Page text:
What Haldeman’s system also accomplished was preventing the type of White House atmosphere that Trump is encouraging: creating divisions, rivalries and competition within the staff. No palace intrigue was tolerated.
Nixon’s biggest prima donnas on staff were two academics: Patrick Moynihan and Henry Kissinger. Haldeman handled both of them well. Moynihan soon departed for a successful Senate run. Kissinger survived even Watergate, tarnished but in control of U.S. foreign policy—for besides Nixon, no one understood foreign policy better than Kissinger.
Staff divisions, rivalries and competition result in ruffled feathers, hard feelings, if not backstabbing. The reason there are so many leaks from the Trump White House is because of this internal strife, and while Trump may have found it produced good money-making ideas in his business operations, it is difficult to see how staff discord produces the best public policies.
Just look at the immigration policy produced by the Bannonites in the two executive orders banning Muslims, which have been blocked by federal judges. These orders are the epitome of bad staff work. Everything that could be done wrong in developing and implementing Trump’s campaign promises on immigration has been done.
It is said that President Franklin D. Roosevelt gave conflicting assignments to staff in order to obtain differing views. Under the Haldeman model, however, good staffing provided the president with all possible views, setting forth the upside and downside, the good and bad, the pro and con.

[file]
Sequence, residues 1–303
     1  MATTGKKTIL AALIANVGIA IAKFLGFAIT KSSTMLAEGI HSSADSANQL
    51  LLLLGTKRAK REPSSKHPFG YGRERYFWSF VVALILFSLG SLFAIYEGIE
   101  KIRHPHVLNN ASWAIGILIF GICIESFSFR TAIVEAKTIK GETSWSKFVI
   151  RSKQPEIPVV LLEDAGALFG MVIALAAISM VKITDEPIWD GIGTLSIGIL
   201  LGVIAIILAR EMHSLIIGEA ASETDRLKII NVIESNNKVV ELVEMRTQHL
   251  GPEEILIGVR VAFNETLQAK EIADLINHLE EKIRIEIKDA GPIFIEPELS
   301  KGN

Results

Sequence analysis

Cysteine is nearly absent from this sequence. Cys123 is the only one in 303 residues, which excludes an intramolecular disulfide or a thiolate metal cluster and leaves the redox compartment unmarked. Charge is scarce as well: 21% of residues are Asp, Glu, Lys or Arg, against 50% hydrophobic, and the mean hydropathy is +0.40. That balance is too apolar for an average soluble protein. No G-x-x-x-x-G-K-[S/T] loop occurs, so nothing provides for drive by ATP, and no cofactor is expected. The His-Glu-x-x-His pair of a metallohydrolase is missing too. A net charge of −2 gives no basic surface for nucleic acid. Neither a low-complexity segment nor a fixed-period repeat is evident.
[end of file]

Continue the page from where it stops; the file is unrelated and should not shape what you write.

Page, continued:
As Chris Whipple’s work shows, the most successful White House operations are, to uses Trump’s inchoate dream for his own White House, “fine-tuned machines.” But so long as Trump encourages the Bannonites and Preibusites, not to mention the Kellyanneites and the Kushnerites to struggle for his favor, I am confident it will produce more chaos than actions that will reflect favorably on his presidency.
I suggest Trump read Chris Whipple’s book. But he doesn’t read, or even have the patience to listen to the audio edition. Maybe he would like Whipple’s earlier work, his documentary on the chiefs of staff, which evolved into The Gatekeepers: How the White House Chiefs of Staff Define Every Presidency.
Hey, Chris, send them both to the president and his top aides. It could make us all a little safer if the material falls into the right hands.